Hot Button Discussion
IMF's Growing Relevance
By Michael Goldman
With the rollout of the Interoperable Master Format (IMF) ongoing, it’s instructive to examine the impact so far, and looming next steps for the flexible, new international standard format for file-based professional workflows. IMF is essentially an umbrella term for a linked family of standards that permit content publishers and distributors to exchange master files and linked metadata that make it more efficient to disseminate different versions of their material to all the world’s viewing platforms and territories, no matter what form those platforms may take today or in the foreseeable future. Practically speaking, since IMF officially debuted in 2012, it has achieved its initial goal to permit the use of a single, interchangeable, master file for any piece of content, while automating the packaging and delivery of that content, along with only the metadata needed for the specific platform it is targeting, simplifying transcoding processes and minimizing storage headaches, among other things. Albeit, IMF is still far from ubiquitous, largely because everyone’s needs and status along the digital workflow road are at different stages, according to Pierre-Anthony Lemieux, a SMPTE Fellow, who is the primary editor on the SMPTE IMF project known as SMPTE 35PM-50.
“Since 2012, lots of important things have happened with IMF,” explains Lemieux, a partner at Sandflow Consulting, where he focuses on entertainment content distribution, and chairs some other SMPTE committees, as well. “In addition to the specifications that make up the Core of IMF, two applications have been published, including the big one, Application Two, which is designed for studio masters and uses JPEG 2000 for video coding. That means IMF exists today and is ready to be used. We also held the most recent of our series of Plugfests in March [of 2015], kindly hosted by Netflix, with about a dozen manufacturers actively exchanging content and reporting on their findings. Those events have been crucial in sharing information and identifying issues for implementation. Now, the primary effort within the IMF community is two-fold. One aspect is to revise the specification, based on ongoing feedback from the field, which is important in keeping any standard alive—being able to actively react to feedback from implementers. That is being tackled right now as part of IMF 1.1. Additionally, one new application—Application 4—is being developed, which is called ‘Cinema Mezzanine,’ a joint project from collaborators in Europe with an objective aimed at preserving cinema material for historical purposes.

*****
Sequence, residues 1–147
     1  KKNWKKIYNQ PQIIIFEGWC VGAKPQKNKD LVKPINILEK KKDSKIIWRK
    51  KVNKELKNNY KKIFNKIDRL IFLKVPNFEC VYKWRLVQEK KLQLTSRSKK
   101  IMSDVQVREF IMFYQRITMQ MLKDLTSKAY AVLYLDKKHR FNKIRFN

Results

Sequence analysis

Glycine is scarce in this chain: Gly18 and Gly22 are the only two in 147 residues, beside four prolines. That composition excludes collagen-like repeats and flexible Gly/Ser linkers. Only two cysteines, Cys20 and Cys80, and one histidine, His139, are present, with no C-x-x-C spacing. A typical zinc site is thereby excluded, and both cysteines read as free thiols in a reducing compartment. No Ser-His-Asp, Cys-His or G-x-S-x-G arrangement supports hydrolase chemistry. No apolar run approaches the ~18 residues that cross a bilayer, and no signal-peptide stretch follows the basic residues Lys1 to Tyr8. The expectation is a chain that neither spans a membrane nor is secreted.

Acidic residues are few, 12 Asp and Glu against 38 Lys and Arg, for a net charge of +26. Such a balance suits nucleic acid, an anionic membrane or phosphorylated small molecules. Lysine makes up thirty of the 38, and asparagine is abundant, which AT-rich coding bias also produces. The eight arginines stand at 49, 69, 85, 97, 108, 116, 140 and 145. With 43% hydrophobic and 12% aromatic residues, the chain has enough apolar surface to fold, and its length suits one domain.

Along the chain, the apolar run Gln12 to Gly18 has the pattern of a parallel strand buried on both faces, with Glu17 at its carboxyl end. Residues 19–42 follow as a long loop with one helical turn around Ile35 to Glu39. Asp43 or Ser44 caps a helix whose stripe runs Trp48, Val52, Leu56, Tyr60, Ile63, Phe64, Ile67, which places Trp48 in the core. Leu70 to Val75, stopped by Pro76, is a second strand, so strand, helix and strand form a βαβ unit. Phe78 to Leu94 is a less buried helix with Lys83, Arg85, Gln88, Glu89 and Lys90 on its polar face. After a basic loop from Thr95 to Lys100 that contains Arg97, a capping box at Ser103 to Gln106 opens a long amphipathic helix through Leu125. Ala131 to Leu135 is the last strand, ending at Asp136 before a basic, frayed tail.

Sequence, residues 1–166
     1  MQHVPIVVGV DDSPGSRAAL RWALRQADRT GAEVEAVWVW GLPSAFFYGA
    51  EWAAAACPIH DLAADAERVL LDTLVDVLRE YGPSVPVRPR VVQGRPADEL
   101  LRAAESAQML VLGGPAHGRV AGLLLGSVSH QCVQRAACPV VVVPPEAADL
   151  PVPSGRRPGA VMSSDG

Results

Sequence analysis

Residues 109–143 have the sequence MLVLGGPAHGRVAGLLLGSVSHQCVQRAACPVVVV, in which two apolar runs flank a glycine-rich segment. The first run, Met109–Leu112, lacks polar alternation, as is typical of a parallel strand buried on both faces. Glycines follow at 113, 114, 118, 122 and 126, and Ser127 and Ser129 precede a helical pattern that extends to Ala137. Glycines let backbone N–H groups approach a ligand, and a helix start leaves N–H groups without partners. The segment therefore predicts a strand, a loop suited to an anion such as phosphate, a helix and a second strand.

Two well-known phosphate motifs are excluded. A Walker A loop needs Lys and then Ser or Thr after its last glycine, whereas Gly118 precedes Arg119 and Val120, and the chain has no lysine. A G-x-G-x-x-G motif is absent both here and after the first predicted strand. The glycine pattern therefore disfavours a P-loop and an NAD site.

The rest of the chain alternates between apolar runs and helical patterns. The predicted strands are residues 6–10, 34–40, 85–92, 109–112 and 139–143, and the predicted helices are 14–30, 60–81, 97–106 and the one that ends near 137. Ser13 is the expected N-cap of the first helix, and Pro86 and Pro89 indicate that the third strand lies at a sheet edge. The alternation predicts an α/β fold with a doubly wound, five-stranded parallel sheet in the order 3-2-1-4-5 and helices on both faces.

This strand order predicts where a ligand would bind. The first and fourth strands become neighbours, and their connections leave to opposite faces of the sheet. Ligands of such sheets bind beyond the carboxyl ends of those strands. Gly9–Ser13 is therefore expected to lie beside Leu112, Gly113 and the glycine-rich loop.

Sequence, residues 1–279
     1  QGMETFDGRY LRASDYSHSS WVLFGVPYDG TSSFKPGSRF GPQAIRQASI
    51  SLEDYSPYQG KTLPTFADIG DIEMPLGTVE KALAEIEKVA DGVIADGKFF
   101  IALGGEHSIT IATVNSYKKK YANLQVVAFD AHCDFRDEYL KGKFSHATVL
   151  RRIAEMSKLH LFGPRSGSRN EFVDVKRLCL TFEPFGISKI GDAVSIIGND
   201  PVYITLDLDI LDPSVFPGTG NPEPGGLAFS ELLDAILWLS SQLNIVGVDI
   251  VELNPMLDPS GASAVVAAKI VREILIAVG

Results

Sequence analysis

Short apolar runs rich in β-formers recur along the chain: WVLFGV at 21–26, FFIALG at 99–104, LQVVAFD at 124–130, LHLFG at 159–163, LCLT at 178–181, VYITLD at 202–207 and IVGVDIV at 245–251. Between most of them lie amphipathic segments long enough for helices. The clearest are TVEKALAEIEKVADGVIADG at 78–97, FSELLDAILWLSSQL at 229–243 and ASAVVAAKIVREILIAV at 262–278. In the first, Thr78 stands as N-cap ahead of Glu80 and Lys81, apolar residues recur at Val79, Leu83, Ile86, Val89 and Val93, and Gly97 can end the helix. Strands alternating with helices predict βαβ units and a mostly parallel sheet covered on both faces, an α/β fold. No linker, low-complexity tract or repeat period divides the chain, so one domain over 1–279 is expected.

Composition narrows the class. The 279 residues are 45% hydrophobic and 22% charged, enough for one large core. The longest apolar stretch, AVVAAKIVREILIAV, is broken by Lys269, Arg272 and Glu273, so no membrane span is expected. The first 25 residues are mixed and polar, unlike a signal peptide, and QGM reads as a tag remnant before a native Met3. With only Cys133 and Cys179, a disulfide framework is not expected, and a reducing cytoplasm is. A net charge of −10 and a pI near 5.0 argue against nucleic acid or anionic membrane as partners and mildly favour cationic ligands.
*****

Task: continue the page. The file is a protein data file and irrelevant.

“But the adoption of IMF will be ongoing and different for every potential user. It is a foregone conclusion that the world is going toward a convergence between audio-visual and IT. That is happening today, but how soon different people convert to IT-based models for audio-visual content processing and management depends on many different factors. Obviously, IMF’s sweet spot is version management of high-quality masters. IMF might not be the best fit for those that do not have a need today to manage versions or receive content from those who manage versions. There are other options that focus on single version distribution, like UK DPP [an MXF-based interoperable format from the UK’s Digital Production Partnership]. This is being adopted in the UK and uses many of the same technologies as IMF, and also removes some of the complexity by not managing versions. So the question of rate of adoption has no simple answer. Certainly, one notion that has clearly changed in the last four years since IMF debuted is the realization that file-based workflows and version management are not just a fad. Obviously, it will only grow in importance. Everyone does not change at the same pace, and so, it will be ongoing.”
Lemieux elaborates that the importance and usefulness of IMF will logically only grow over time, and not only as a mastering file standard geared mainly toward traditional global content distributors like Hollywood studios. These entities were central in the original development of the specification in the mid-2000s when it originated as a project at the University of Southern California Entertainment Technology Center (USC ETC), before being handed off to the SMPTE IMF work group (as discussed in Newswatch in 2011) around the time that the original version of the IMF standard was being prepared for publication. That is because a lot has changed about the media landscape in the short period between 2011 and today, creating both new potential users and new potential IMF applications, according to Lemieux.